The ugly darkenesse it embrac't beforne,
And, at his first appearance, puts to fight
The utmost reliques of the hel-borne night.
This heavenly shield, soone as it is displaid,
Dismaies the vices that abhorre the light:
To wanderers, by sea and land, gives ayd,
Conquers dismay, re-comforteth affright,
Rouzeth dull idlenesse, and starts soft sleepe,
And all the world to dayly labour keepes.
This a true looking-glasse impartiall,
Where beautie's selfe her selfe doth beautifie,
With native hue, not artificiall,
Discovering falshood, opening verity.
The daye's bright eye colours distinction :
Just judge of measure and proportion.
The onely meanes by which each mortall eye
Sends messengers to the wide firmament,
That to the longing soule brings presently
High contemplation and deepe wonderment;
By which aspirement she her wings displaies,
And herselfe thither whence she came upraise.

Pha. What blue thing's that, that's dapled so with stars?
Vis. He represents the heaven.
Pha. In my conceit it were pretty, if hee thundred when hee

Vis. Then none could understand him.

Col. Tropicke, colours, the equinoctial,
The zodiacke, poles, and line ecliptical,
The nadir, zenith, and anomalies ;
The azimuth, and ephimerides,
Stars, orbes, and planets, with their motions,
The oriental regradations;
Excentricks, epicycts, and-and-and-

Pha. How now, Visus, is your heaven at a stay?
Or is it his Motus trepidationis that makes him stammer?
I pray you, Memory, set him agate againe.

Com. S. Leave your jesting, you'le put the fresh actor out of countenance.

Col. Excentricks, epicyctes, and aspects,
In sextile, trine, and quadrate, which effects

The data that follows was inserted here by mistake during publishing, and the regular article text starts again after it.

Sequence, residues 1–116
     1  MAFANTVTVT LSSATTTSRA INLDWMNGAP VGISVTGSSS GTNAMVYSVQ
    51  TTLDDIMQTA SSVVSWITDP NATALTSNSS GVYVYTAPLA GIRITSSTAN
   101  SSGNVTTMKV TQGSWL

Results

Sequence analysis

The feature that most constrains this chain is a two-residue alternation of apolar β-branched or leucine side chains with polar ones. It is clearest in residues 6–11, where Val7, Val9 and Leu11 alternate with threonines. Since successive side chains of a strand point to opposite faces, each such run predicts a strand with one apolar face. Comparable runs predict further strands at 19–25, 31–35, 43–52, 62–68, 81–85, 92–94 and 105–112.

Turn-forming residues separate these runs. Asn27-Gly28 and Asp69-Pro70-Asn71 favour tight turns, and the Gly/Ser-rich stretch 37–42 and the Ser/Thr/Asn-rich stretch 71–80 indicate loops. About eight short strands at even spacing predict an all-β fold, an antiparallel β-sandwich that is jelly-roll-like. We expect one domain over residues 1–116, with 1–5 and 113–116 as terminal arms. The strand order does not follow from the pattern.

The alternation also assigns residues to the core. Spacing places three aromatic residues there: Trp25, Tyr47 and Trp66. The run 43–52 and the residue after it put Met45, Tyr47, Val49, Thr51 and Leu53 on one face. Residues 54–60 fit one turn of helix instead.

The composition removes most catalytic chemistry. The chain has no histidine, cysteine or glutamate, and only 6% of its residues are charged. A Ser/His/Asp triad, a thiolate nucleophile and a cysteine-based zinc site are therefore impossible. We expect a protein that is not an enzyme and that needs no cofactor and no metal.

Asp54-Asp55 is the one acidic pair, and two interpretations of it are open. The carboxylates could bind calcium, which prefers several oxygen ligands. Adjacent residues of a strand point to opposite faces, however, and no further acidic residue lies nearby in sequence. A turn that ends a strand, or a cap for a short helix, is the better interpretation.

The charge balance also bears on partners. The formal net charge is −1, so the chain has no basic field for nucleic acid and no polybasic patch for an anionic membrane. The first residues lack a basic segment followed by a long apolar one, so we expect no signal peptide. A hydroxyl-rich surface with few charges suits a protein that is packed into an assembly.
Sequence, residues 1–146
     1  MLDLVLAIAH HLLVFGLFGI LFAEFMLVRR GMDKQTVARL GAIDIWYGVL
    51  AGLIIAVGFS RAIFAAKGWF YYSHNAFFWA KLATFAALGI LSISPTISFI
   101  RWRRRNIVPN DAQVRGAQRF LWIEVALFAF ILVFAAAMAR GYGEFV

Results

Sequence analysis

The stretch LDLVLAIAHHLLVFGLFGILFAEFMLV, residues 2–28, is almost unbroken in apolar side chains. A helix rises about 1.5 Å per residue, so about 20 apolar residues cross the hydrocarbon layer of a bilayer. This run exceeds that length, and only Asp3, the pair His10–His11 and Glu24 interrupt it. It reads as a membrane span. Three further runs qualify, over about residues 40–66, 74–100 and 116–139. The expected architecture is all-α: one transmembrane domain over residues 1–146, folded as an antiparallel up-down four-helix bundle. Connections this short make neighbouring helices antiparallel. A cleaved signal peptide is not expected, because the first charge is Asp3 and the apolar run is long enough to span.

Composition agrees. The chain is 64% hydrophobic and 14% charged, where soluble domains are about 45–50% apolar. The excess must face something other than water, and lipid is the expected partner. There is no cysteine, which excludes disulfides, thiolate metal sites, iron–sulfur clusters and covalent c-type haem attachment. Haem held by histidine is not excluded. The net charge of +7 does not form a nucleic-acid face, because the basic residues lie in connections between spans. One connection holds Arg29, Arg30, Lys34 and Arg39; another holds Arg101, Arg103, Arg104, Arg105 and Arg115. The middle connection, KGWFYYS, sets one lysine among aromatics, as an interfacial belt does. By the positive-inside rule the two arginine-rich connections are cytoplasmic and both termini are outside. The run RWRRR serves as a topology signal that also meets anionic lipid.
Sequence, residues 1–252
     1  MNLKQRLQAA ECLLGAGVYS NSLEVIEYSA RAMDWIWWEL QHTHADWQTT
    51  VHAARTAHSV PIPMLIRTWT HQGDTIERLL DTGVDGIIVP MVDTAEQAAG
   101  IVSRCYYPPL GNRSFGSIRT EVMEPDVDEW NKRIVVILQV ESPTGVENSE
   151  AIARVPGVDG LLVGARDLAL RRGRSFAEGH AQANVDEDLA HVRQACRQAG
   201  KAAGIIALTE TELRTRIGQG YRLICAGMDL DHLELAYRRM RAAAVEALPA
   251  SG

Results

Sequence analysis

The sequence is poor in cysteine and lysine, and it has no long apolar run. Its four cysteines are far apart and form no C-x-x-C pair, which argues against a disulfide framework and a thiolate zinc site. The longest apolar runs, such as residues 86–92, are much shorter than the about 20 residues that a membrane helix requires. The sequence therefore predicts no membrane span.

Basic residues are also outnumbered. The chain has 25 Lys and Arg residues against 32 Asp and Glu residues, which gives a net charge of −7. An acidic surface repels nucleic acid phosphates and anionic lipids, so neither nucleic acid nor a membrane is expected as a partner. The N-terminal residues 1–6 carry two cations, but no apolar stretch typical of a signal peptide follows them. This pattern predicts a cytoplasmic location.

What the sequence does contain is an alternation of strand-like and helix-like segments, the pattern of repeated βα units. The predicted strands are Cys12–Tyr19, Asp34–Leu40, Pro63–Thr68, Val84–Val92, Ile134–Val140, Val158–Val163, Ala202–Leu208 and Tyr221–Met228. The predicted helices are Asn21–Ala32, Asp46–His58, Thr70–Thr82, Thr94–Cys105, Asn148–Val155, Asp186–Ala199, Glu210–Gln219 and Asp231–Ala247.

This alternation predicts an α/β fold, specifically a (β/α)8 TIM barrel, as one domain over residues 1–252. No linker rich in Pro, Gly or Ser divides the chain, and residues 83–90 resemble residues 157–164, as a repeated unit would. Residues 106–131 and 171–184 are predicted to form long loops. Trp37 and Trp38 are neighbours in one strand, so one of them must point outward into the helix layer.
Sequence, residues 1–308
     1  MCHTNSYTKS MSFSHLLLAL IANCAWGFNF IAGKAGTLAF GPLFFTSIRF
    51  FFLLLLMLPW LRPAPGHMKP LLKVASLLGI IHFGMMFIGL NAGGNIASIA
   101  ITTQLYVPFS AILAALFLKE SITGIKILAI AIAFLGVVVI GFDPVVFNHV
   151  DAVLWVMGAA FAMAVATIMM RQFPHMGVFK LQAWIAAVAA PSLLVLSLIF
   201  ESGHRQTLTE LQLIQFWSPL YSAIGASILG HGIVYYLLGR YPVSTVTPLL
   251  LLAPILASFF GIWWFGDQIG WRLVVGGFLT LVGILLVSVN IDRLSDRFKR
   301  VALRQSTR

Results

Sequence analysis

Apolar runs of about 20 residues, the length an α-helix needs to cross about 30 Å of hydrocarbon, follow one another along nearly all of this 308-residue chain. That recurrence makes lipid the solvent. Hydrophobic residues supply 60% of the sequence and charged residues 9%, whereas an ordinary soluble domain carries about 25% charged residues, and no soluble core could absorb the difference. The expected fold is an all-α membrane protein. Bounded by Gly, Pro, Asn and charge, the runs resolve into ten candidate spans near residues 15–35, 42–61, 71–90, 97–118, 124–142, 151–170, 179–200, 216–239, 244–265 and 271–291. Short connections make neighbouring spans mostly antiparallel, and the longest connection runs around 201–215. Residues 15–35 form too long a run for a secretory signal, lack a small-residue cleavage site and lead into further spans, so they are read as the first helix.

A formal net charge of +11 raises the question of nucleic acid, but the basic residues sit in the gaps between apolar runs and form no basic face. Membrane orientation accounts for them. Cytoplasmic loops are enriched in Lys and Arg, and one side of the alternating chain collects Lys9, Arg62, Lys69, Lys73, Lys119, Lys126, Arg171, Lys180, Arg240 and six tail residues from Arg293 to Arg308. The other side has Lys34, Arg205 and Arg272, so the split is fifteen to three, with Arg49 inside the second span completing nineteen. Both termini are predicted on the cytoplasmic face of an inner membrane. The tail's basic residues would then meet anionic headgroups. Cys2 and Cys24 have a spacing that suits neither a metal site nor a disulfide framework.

Wonders on earth ; also the oblique part
Of signes, that make the day both long and short,
The constellations rising cosmical.
Setting of stars, chronicke, and heliacall,
In the horizon or meridionall,
And all the skill in deepe astronomy,
Is to the soule derived by the eye.

Pha. Visus, you have made Cælum a heavenly speech, past earthly capacity, it had bin as good for him he had thundred. But I pray you, who taught him to speake and use no action? methinks it had bin excellent to have turn'd round about in his speech.

Vis. He hath so many motions, he knowes not which to begin withall.

Pha. Nay, rather it seemes hee's of Copernicus' opinion, and that makes him stand stil. (Terra comes to the midst of the stage, stands

still a while, says nothing, and steps back. Com. S. Let's heare what Terra can say, just nothing.

Vis. An it like your lordship, 'twere an indecorum Terra should speake.

Mem. You are deceiv'd, for I remember, when Phaëton rul'd the sun, • I shal never forget him, he was a very pretty youth, the earth opened her mouth wide, and spoke a very good speech to Jupiter.

Anam. By the same token, Nilus hid his head then, he could never find it since.